Glenn Soco takes his election protest to the Supreme Court-A A +A
Sunday, September 30, 2012
FORMER vice gubernatorial candidate Glenn Soco’s motion to reconsider the dismissal of his election protest over his loss to the late Gregorio Sanchez Jr. in 2010 was denied by the Commission on Elections (Comelec) en banc for lack of merit.
But Soco said the fight is not yet over, adding that he already took his battle to the Supreme Court (SC).
“I will fight this ‘til the end,” he told Sun.Star Cebu.
His lawyer filed a petition for certiorari with prayers for a temporary restraining order before the SC last Sept. 25.
“We doubted them (Comelec). They are hell-bent on protecting their Pcos (Precinct Count Optical Scan) machine,” he said.
‘No leg to stand on’
According to the en banc decision, the Comelec Second Division was in accord with the law and prevailing jurisprudence and was sufficiently supported by the evidence on record when it dismissed Soco’s election protest.
It said that Soco’s contentions in his motion for reconsideration, dated last May 11, had “no leg to stand on and digressed from the pertinent issue whether he was able to sufficiently recover from the pilot precincts as required by Section 15 of Comelec Resolution 8804 as amended.”
It also said that Soco’s maximum possible net gain from the pilot precincts was only 844 votes, or an average net gain of 4.22 votes per precinct.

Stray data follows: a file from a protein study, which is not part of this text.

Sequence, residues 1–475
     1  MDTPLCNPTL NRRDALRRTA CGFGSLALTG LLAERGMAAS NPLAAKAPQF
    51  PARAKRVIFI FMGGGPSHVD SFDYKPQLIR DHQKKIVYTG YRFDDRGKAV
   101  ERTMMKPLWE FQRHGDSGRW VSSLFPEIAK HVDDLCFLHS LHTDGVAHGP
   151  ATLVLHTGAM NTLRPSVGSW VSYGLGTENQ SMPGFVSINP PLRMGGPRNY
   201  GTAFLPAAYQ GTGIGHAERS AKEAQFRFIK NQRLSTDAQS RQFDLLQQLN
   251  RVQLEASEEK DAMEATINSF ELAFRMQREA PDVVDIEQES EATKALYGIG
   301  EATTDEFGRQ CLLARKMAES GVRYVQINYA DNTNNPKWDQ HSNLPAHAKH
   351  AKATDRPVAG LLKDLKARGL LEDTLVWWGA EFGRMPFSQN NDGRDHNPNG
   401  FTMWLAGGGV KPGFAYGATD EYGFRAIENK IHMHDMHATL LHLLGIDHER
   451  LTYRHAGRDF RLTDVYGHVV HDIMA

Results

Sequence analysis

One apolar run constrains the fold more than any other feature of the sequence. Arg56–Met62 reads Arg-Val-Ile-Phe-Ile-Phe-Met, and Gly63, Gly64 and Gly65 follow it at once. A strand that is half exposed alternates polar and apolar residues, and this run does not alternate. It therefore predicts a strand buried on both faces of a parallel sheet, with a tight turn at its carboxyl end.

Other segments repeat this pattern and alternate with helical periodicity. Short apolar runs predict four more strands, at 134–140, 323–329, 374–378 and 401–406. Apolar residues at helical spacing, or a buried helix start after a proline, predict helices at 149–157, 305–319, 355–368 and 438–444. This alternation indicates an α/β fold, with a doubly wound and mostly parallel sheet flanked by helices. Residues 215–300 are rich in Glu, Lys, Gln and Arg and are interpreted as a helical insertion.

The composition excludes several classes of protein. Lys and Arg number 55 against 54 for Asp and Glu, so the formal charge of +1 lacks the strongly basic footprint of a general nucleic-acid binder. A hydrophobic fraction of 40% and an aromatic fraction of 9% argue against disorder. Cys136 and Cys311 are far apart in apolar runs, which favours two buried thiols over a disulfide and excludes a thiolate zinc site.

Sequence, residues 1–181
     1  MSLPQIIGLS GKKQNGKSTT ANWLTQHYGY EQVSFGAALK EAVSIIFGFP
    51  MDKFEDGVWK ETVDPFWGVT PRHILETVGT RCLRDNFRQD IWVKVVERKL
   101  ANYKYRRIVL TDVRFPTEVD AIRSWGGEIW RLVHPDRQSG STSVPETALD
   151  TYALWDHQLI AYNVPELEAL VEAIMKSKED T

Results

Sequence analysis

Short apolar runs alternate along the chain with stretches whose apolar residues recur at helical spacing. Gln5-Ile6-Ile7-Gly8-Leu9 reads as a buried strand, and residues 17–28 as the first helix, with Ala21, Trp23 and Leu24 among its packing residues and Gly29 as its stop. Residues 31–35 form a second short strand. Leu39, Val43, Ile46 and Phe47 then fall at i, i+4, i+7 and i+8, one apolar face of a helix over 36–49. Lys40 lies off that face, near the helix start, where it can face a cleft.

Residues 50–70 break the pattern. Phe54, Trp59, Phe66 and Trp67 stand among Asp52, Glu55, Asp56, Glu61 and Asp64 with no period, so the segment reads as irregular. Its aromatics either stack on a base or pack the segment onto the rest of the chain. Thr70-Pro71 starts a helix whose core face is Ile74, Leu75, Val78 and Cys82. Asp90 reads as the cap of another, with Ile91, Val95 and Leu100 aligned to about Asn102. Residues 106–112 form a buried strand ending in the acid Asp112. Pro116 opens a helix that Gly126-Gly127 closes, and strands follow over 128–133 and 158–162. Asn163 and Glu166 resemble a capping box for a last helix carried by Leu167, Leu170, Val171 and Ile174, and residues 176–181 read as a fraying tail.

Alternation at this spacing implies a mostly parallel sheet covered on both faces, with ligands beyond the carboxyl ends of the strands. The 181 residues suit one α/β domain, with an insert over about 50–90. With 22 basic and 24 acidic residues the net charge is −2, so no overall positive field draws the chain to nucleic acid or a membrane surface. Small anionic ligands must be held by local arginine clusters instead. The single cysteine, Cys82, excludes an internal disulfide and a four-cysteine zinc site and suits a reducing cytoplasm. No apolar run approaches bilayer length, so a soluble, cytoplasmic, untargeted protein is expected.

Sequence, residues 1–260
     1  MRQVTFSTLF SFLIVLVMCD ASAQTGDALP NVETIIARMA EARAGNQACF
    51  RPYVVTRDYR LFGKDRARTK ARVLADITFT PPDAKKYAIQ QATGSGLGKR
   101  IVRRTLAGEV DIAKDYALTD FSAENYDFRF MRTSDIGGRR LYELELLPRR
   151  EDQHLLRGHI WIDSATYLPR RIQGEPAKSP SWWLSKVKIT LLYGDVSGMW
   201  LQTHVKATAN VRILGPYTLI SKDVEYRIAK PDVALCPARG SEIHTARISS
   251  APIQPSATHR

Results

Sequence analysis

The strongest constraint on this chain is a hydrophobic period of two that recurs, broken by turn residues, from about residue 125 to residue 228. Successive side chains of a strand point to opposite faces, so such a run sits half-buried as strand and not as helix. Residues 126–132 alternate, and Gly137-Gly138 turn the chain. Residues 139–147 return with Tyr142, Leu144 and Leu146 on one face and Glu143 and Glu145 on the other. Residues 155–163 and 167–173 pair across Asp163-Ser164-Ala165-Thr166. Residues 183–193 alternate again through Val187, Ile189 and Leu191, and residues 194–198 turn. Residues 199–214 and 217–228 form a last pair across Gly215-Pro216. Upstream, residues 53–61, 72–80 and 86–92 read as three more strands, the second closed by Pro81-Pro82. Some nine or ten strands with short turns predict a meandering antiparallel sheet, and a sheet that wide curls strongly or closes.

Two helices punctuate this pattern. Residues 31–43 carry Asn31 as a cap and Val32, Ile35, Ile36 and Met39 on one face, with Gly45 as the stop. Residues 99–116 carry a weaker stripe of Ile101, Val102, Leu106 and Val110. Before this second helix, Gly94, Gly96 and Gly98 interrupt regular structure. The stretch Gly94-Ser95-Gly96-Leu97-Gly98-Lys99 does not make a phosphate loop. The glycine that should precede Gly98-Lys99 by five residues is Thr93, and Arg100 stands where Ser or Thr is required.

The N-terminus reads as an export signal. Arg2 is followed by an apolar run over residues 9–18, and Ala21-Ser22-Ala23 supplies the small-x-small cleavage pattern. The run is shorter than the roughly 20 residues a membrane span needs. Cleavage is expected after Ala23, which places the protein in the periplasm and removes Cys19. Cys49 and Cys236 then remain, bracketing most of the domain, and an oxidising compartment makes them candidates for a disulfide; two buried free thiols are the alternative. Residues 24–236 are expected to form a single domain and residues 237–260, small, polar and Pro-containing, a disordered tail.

Based on the Second Division’s computation, Soco needed an average net gain of 11.53 points per precinct.
“In view thereof, it is clear that the protestant was unable to sufficiently recover from the pilot precincts,” the en banc decision said.
The Second Division’s decision stated that Soco failed to establish the merit of his election protest based on the clustered precincts he pinpointed. So it found no reason to proceed with the recount in the rest of the protested precincts.
Commissioner Lucenito Tagle said that even if the computation of Soco’s maximum possible net gain from his pilot precincts (where he was expected to get the largest gains) was to be applied to the remaining contested clustered precincts, he would only get a maximum possible gain of 9,148 votes, which would still not be enough to beat Sanchez.
Sanchez won by a margin of 26,237 votes.
In Soco’s petition for certiorari before the SC, he said the Comelec committed grave abuse of discretion on three counts.
First, it found that his protest was correctly dismissed for his failure to recover from the pilot precincts.
Second, it upheld the findings of the Second Division, which disregarded Soco’s objection to the fact that numerous ballots either lacked the BEI chair’s signature or had signatures that were different.
Third, it upheld the Second Division’s decision to refuse to consider as stray certain ballots, which were not sufficiently shaded.
When Sanchez died of cancer, then Provincial Board (PB) member Agnes Magpale assumed the post of vice governor.
This left a PB slot vacant in the fifth district, which was only filled up last week by Magpale’s son Miguel. (OCP)
Published in the Sun.Star Cebu newspaper on September 30, 2012.